Are cabins really changing the ‘feel’ of caravan parks?

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Cabins and caravan parks
Are cabins slowly squeezing caravans and motorhomes out? PIC: Booking.com

The seemingly relentless march of cabins into caravan parks has sparked a suspicion in some quarters that the unique atmosphere of traditional camping areas is under threat … but is it?

In the last week alone, the Jenolan Caravan Park in Oberon, New South Wales, announced it was to install eight new cabins, and the Adelaide Shores Resort in South Australia said it was to add 23 high-end cabins. In unveiling the plans, Adelaide Shores chief executive, Kate Williams, made it clear how she saw things moving.

“There’s a movement from caravanning to cabin accommodation,” she said. “We are trying to develop additional cabins to meet that demand.”

With a number of accommodation providers already referring to themselves as ‘cabin parks’, and growing concern among some caravan parks that the self-contained traveller is slowly squeezing their business, is there a seismic shift taking place?

Well, it depends on who you are talking to.

Garry Rochow from the Tasmania Cabins organisation says the popularity of cabins has boomed in recent years.

“In the early days caravan parks only really had a few cabins in each park but, over the years, many caravan parks have added newer and more attractive cabins,” he said. “This has resulted in fewer caravan sites … this seems to be the trend.”

He said that some new developments were now solely for cabin accommodation and offered no caravan sites at all, while other caravan parks were split between the two. Of course, in Tasmania the high cost of bringing caravans across the Bass Strait has meant some nomads choose to leave them on the mainland and travel staying in cabins instead. It’s a factor which has helped business in places like Bicheno Cabin Park, a venue exclusively for cabins.

“I believe caravans will always have their place but families seem to want better accommodation than staying in caravans,” said the park’s Mark Shearing. “From a business perspective, we have owned another caravan park which had both cabins and campsites … but cabins are on the rise!”

However, the Caravan Industry Association of Australia is keen to hose down any suggestion that a major change is taking place in the industry.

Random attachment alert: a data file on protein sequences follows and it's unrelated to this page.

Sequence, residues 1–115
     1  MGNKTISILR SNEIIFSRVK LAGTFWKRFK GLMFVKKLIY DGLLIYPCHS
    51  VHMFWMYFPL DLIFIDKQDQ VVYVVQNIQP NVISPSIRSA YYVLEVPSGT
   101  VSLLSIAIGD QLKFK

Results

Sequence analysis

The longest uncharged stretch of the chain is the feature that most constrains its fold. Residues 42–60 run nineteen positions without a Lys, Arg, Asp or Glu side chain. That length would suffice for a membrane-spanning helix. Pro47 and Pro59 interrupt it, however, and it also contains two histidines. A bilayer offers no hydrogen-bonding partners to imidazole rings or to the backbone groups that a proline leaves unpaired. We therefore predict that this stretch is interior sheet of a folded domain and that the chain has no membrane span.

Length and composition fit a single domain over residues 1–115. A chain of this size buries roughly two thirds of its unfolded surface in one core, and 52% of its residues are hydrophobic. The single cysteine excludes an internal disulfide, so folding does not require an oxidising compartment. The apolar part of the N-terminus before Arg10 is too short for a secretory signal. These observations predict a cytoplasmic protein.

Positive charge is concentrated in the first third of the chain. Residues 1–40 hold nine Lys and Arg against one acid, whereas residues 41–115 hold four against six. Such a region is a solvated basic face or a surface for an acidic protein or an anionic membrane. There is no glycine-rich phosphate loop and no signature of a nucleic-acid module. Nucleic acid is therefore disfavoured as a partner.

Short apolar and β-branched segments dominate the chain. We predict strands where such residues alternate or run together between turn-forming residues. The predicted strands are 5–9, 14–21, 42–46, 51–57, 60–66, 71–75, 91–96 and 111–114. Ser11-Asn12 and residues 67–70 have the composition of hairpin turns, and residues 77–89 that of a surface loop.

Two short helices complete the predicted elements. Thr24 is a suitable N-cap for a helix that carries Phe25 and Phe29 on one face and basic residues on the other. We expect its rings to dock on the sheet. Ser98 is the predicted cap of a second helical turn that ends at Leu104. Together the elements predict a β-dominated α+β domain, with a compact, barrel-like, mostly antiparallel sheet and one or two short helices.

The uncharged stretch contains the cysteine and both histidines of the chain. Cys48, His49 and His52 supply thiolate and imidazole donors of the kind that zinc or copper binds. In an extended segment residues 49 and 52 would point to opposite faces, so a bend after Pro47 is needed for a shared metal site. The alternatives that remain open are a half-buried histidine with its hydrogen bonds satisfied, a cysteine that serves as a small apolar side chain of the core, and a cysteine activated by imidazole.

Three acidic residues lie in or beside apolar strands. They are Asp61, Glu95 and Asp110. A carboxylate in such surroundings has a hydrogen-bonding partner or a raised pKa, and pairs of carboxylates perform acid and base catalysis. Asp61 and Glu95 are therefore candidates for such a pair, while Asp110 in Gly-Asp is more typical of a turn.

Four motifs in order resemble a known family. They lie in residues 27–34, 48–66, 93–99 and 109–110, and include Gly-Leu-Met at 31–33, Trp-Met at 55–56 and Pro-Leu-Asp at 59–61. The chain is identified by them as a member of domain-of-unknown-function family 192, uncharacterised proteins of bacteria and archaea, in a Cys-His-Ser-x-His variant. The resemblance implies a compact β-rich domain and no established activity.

“With over 615,000 recreational vehicles on the road it would be folly to suggest that powered sites will disappear,” said the organisation’s Chief Executive Officer, Stuart Lamont. “Caravan, motorhome and camping sites are not only important to the business models of caravan parks … they also provide the atmosphere and sense of community which caravanning and camping is based around.”

Mr Lamont said caravan parks had to be responsive to the needs of the travelling public and to seek to achieve the best return on the land they had available.

“Cabins form an important part of a commercial park’s product mix as, in many cases, they allow operators to offset the negative impacts of seasonality and offer accommodation during the colder/wet months where the use of caravans and tents are at their lowest,” he said. “As such, cabin capacity supports economic sustainability for operators and communities over the course of the year.”

According to the Caravan Industry Association of Australia, average national caravan park occupancy levels are approximately 51% for cabins, 44% for powered sites, and 17% for unpowered sites.

“There is no doubt that in some cases product mix is being modified within caravan parks, although a lot of cabin development is to replace existing on-site vans or to relocate product mix within the park,” said Mr Lamont. “Are there more cabins going into caravan parks? Sure. But there are also many examples of increased powered sites being introduced as well.”

• Do you think cabins are changing the atmosphere at caravan parks? Comment below

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3 Responses to Are cabins really changing the ‘feel’ of caravan parks?

  1. We are caravan owners who always stay in caravan parks, I understand why people free camp and also recognise that this trend is growing. The more that the free camp side of travel grows the more that caravans will be pushed out of parks, sadly losing a vital and important accommodation sector to travellers..

  2. Cabins do have a place for those people that don’t want the expensive four wheel drive or caravan
    They can still see this great country cabin hopping. For me I can’t wait to retire & get my caravan & head off on the wallaby to take advantage off all the free camping & meet lots of new People

  3. When we owned a motel we weren’t allowed to park any caravans on the property even though we could have accommodated about 5.
    I always thought caravan Parks were for caravans but sadly 2 lots of rules.
    and yes we were zoned tourism.

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